Cultural anthropology’s public engagement on the rise
Gina Athena Ulysse, professor of anthropology at Wesleyan University in Connecticut, published an article in the Huffington Post discussing the rise of publicly engaged cultural anthropology. She notes that this fact was clearly evidenced at the recent meetings of the American Anthropological Association, especially by the first Anthropology of Media Award which was given to Paul Stoller of West Chester University in Pennsylvania. Ulysse interviewed Stoller about his public engagement.
He was inspired to enter the public sphere out of a sense of duty instilled by his mentors: “Adamu Jenitongo–a renowned healer among the Songhay people of the Republic of Niger (where Stoller conducted fieldwork) taught me that the greatest obligation of a practitioner is to pass her or his knowledge on to the next generation. Jean Rouch— the great French anthropologist and filmmaker stressed the importance of crafting narratives–stories–that would clearly and respectfully convey the wisdom of anthropology to future generations.”
Take that anthro degree and…
…become a peace activist. Laura Hassler, the founder and director of Musicians Without Borders, about her work combining music and peaceful activism, and the role the organization plays in dealing with both historical and contemporary global struggles. During the 1970s, she worked for the Friends (Quaker) Peace Committee and the Committee of Responsibility on Vietnam in Philadelphia; for Thích Nhất Hạnh’s Vietnamese Buddhist Peace Delegation in Paris; and the U.S. Fellowship of Reconciliation in New York. She moved to the Netherlands in 1977, where she developed a career as a musician, linking music to social causes. She founded a World Music School and worked as a diversity consultant to arts institutions while teaching singing and leading vocal groups. Part of a network of socially conscious musicians, Laura mobilized this network to collectively launch Musicians without Borders in 1999. A global network organization, it is one of the pioneers in the use of music to help heal the wounds of war. She studied cultural anthropology and music at Swarthmore College, combining academics with activism and music.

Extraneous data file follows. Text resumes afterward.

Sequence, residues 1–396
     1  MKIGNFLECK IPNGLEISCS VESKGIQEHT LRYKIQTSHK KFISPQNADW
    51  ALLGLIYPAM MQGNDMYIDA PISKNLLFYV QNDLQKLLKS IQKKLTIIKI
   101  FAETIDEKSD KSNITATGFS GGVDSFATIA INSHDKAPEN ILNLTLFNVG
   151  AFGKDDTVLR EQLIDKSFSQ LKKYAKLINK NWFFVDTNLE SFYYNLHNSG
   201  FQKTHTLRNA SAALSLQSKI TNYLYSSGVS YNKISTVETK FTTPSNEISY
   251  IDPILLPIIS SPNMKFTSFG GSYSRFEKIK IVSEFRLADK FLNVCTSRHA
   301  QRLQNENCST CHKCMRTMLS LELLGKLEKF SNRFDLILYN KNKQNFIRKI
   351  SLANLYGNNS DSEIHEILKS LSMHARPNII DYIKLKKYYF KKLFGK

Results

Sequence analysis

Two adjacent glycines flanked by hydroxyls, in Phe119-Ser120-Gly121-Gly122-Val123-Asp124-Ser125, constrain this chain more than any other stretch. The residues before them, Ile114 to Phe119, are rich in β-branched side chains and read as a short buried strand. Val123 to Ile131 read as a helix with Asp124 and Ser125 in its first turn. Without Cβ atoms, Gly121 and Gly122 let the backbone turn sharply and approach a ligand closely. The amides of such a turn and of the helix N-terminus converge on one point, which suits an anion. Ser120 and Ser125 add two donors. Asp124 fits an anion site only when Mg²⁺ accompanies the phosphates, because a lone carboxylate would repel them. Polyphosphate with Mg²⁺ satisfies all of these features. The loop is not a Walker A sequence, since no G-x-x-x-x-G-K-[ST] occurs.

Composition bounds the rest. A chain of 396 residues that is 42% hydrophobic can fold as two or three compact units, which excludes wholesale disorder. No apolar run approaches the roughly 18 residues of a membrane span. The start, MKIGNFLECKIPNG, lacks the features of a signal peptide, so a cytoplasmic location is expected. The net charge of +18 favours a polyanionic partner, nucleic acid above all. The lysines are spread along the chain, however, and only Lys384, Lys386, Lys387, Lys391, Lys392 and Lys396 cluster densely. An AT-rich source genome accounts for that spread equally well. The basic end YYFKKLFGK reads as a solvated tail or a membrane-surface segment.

…become a professor of communication and women’s studies. Robyn Goodman is professor of communication studies and women’s studies at Alfred University in New York State. She is a founding officer of the World Journalism Education Congress, an organization bringing together journalism professors and practitioners from around the world to improve journalism education. Her research focuses on U.S. and global journalism education, U.S.-China news coverage, and the social construction of knowledge. She also advocates for improved media coverage of women, minorities, and the LGBTQIA community. Goodman earned a B.A. in international relations/anthropology from California State University-Chico, an M.A. in journalism from the University of Missouri-Columbia, and a Ph.D. in mass media/journalism from Michigan State University-East Lansing.
…become a health administrator. Nikole Zogg recently joined Southwest District Health in Idaho as the district director. She has 18 years of public health experience, including time spent in the U.S. Air Force, Central District Health in Boise, and in private health care. She has a B.A. degree in anthropology, a master’s degree in public health, and a doctorate in public health with an emphasis in epidemiology. [Blogger’s note: I cannot access information on where she earned her degrees].